All Women Have the Right to Enjoy Some Pirate Erotica

Now that E.L. James' Fifty Shades of sadomasochistic sweet, sweet smut is making its author over a million dollars a week, Plume, an imprint of publishing giant Penguin, will re-release Anne Rice's graphic "Sleeping Beauty" trilogy from the 1980s, because now that dirty books are a summer reading trend (for the first time ever, obviously), publishers everywhere are looking to make a little extra scratch on the zeitgeist.

The New York Times' Media Decoder blog anticipates the Thursday re-release (with glossy covers and everything!) of Rice's dirty books from the 80s, which she initially published under the fancy pen name A.N. Roquelaure. When the "Sleeping Beauty" books first hit shelves, people were just a little too prudy to talk about them in polite company. "It was viewed as an outrageous thing to do," explains Rice. "The gays were the only people speaking about sexual liberation."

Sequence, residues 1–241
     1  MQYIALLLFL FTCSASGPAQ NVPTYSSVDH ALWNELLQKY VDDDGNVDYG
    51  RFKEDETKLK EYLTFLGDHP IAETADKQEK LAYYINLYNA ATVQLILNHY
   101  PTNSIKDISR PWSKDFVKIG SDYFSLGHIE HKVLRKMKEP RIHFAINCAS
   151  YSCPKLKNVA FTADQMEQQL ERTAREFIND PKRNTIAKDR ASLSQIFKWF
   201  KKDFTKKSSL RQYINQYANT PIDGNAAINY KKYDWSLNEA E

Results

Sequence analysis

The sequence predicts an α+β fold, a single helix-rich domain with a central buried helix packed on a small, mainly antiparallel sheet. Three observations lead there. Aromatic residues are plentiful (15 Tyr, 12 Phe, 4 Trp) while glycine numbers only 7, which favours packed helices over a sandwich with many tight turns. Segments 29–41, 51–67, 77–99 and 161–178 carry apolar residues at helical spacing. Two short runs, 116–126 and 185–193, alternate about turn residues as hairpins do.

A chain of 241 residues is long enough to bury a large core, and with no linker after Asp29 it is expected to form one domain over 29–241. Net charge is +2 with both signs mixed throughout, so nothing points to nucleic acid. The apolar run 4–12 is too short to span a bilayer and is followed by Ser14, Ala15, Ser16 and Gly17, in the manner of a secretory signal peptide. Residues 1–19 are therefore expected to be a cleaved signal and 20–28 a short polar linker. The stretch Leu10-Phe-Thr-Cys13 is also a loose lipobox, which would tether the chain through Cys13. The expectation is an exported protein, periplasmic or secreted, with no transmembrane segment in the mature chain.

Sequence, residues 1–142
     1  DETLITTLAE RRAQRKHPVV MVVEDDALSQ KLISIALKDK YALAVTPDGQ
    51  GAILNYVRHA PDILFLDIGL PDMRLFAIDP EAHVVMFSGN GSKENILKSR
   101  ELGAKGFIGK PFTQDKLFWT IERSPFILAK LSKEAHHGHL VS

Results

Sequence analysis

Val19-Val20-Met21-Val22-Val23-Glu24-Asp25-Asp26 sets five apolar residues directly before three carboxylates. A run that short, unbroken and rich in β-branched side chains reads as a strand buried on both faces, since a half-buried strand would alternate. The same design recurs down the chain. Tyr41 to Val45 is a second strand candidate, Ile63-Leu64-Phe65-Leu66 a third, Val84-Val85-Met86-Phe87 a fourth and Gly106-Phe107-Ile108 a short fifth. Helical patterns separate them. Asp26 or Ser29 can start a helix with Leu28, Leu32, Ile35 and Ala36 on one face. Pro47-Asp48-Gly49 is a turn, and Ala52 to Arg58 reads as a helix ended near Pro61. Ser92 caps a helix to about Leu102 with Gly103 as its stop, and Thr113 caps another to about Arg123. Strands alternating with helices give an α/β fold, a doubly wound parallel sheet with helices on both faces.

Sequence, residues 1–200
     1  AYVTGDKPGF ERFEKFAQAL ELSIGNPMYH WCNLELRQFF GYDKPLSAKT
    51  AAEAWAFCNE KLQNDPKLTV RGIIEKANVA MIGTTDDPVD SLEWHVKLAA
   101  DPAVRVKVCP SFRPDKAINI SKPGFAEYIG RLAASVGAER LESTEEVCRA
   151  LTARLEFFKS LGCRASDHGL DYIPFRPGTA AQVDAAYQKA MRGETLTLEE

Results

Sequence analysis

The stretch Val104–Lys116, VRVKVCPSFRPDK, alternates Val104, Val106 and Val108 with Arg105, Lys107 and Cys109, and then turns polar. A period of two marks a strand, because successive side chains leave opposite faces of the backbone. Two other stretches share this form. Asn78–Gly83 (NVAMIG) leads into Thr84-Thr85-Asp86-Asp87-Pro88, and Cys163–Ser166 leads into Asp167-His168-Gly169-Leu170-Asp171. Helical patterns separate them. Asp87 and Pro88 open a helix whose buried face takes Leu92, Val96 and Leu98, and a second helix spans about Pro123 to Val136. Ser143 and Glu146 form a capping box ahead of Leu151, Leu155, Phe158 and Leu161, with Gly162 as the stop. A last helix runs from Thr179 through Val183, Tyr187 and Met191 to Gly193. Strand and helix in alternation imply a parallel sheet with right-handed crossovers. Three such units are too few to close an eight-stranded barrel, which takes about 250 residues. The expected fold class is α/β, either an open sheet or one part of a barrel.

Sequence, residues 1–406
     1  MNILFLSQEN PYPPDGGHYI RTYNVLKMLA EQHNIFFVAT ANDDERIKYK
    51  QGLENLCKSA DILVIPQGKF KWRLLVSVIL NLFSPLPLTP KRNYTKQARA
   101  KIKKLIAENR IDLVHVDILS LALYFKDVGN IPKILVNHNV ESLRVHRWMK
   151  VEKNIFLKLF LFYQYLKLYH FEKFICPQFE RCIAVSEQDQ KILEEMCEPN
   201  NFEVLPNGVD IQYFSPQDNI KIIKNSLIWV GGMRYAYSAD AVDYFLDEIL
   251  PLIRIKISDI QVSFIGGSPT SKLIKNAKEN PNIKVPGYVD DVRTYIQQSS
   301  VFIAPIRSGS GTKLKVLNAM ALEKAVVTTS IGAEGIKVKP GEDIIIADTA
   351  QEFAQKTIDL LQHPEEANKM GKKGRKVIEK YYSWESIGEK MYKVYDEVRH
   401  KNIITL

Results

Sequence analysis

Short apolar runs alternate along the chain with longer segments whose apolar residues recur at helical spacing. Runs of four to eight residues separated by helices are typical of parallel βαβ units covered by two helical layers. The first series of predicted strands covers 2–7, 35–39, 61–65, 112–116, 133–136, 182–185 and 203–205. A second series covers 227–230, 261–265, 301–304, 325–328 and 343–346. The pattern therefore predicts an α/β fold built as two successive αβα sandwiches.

In recent months, Plume has recorded a sharp uptick in sales of Rice's Roquelaure books, owing to the success of the Fifty Shades trilogy. As a way to score some easy money, the imprint will release 350,000 newly-designed copies of The Claiming of Sleeping Beauty, Beauty's Release, and Beauty's Punishment. Rice, whose novelistic legacy seems pretty secure at this point, really just likes to see that women are having wider access to the dirty, dirty, slam-bang sex fiction known amongst scholars as erotica. She says,

Women have just as much right to pornography as men do, and I'm talking about literary porn, erotica. If a woman wants to read about being overwhelmed by a pirate, that's her right.

Pirate, werewolf, vampire, snuffleupagus,whatever — here in the free world, women can read any kind of sexy fiction that some creative and enterprising scribbler can dream up.

In Race Toward the Erotic, Reviving an Old Trilogy [NY Times]